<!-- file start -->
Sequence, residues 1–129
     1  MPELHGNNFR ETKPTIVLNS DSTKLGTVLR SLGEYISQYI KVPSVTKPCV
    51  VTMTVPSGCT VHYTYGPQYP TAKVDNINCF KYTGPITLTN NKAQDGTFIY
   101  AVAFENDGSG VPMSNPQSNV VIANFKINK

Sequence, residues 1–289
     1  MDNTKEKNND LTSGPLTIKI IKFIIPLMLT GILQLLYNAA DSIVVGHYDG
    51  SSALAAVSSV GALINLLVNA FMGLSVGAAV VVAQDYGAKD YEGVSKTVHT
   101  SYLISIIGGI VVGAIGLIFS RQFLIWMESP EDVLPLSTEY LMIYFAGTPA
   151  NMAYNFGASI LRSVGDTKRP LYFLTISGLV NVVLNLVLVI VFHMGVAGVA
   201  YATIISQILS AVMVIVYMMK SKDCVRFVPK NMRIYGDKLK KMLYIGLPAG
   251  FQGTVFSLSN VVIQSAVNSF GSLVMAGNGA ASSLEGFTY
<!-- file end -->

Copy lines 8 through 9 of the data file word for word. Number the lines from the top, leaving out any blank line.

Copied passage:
   101  SYLISIIGGI VVGAIGLIFS RQFLIWMESP EDVLPLSTEY LMIYFAGTPA
   151  NMAYNFGASI LRSVGDTKRP LYFLTISGLV NVVLNLVLVI VFHMGVAGVA